The common image of the stern, stentorian Puritan in his drab, black ensemble, preaching fire and brimstone, is largely an exaggeration that elides the fascinating nature of these devoted, adventurous, flawed, and yes, influential people. In The Wordy Shipmates, NPR fixture and historical humorist Sarah Vowell argues that misunderstanding of the Puritans obscures the roots of America’s national character and clouds their true contribution to our culture, which even today informs its political and social attitudes: American Exceptionalism.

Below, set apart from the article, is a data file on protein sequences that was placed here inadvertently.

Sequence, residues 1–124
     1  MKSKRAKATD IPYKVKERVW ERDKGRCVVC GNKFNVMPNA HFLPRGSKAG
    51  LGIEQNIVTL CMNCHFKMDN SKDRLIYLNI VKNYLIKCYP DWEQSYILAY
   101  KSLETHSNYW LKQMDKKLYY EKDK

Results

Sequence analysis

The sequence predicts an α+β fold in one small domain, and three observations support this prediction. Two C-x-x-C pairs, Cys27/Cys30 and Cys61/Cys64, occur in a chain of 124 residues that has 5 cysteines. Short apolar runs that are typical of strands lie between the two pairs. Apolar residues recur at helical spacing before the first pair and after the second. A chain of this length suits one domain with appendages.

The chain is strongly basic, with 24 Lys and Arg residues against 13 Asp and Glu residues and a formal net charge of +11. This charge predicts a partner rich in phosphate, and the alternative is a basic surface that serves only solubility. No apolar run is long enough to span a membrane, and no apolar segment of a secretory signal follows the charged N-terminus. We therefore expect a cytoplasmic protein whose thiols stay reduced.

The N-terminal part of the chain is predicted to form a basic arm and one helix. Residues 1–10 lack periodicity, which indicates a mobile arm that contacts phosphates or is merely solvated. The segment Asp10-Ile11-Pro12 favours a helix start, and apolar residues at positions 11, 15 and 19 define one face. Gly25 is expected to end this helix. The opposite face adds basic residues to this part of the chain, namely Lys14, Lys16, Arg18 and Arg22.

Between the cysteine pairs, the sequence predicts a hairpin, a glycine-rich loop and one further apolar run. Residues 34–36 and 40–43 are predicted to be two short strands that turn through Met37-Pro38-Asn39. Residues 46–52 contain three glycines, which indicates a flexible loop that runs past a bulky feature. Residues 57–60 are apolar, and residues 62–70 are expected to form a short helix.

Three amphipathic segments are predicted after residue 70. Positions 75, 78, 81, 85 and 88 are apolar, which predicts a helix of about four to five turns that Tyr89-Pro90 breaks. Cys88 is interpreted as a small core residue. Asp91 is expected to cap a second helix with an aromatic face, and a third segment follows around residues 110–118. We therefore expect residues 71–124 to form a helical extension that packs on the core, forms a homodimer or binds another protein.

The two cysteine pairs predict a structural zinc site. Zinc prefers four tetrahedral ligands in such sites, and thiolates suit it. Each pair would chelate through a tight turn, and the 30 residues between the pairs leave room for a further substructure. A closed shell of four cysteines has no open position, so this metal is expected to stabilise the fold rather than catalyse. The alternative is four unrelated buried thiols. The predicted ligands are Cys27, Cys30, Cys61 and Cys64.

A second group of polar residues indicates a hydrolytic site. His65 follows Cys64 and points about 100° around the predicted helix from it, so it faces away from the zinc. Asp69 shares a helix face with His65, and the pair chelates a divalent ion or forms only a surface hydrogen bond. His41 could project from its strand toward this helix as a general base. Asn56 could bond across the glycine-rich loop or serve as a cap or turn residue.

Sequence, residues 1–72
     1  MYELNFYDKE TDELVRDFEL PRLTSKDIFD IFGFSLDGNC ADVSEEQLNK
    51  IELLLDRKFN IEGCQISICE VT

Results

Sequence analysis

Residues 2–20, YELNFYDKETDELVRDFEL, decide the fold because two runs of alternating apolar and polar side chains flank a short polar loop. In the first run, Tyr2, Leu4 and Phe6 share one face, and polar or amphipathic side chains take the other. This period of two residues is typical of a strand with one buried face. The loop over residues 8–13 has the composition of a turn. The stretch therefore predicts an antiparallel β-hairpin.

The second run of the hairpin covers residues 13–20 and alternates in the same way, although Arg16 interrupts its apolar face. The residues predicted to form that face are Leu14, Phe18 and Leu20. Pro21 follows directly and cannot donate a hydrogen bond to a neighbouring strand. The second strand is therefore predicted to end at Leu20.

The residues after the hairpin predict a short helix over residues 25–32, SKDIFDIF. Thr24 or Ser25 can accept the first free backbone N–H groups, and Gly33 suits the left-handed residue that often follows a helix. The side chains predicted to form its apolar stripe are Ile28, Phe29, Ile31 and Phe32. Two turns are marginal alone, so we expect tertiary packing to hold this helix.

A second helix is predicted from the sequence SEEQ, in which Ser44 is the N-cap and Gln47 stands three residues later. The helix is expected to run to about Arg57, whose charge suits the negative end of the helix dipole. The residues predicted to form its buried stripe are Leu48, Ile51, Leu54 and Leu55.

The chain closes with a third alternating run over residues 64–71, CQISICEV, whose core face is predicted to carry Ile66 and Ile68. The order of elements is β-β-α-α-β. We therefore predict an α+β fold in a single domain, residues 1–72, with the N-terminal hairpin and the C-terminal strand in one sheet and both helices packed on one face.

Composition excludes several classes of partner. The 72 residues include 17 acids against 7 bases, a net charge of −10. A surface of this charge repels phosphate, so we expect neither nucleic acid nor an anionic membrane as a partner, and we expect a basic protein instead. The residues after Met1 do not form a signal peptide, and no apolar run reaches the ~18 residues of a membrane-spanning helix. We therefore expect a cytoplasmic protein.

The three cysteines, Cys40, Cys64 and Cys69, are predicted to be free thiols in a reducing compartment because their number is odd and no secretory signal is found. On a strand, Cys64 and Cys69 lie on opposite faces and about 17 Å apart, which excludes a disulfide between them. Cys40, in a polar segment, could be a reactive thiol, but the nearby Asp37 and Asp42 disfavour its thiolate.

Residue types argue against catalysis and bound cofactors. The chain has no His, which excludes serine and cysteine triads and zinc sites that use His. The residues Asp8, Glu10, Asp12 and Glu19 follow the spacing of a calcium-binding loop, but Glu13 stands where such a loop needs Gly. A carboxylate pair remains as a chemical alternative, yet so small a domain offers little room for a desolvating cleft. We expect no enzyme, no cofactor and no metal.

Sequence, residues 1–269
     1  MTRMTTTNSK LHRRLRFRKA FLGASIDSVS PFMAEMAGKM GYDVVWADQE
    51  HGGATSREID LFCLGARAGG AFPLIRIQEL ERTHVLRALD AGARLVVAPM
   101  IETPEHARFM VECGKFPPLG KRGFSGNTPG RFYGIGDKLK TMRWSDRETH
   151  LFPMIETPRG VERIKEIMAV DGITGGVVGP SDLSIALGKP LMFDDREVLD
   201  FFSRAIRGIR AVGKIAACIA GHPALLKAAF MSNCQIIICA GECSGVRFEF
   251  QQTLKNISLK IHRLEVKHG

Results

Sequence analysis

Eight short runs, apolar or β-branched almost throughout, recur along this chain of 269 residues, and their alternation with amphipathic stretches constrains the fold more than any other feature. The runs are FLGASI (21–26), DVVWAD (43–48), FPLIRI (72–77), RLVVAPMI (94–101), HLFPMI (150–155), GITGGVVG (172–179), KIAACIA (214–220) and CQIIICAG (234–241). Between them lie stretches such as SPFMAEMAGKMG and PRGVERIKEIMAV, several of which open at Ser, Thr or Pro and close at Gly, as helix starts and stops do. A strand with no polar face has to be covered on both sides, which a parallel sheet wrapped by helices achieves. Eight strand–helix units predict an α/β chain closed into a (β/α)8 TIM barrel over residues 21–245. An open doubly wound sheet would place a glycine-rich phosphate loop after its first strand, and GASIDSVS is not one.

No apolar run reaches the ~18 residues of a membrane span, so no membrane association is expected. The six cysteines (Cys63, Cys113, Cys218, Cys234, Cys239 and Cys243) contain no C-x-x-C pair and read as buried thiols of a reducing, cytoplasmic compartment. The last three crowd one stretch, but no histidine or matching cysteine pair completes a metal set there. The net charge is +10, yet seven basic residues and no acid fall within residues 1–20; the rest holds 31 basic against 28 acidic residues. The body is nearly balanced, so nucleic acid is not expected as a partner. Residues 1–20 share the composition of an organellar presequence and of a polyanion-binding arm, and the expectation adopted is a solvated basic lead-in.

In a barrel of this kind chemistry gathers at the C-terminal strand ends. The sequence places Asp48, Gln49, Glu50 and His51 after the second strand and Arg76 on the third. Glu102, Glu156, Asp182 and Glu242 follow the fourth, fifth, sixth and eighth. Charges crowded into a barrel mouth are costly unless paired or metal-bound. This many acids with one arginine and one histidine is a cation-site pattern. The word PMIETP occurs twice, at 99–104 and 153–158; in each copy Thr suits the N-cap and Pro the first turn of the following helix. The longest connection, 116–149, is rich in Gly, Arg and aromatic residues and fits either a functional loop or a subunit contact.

The term ‘American Exceptionalism’ is a euphemistic cover for that old bugbear, nationalism, which you may remember from the prologue to every chapter about disastrous war and conflict in your high school history textbook. Nationalism differs from patriotism in that it not only declares that its own culture, government, and society is great, it (whether implicitly or explicitly) casts all others as terrible. It’s a sentiment planted by Puritan John Winthrop, who first cast their New World home as a “city on a hill”, and later employed to different ends by politicians like John F. Kennedy, Ronald Reagan, and in a faint echo of the “Great Communicator” during her 2008 Vice Presidential Debate, Governor Sarah Palin.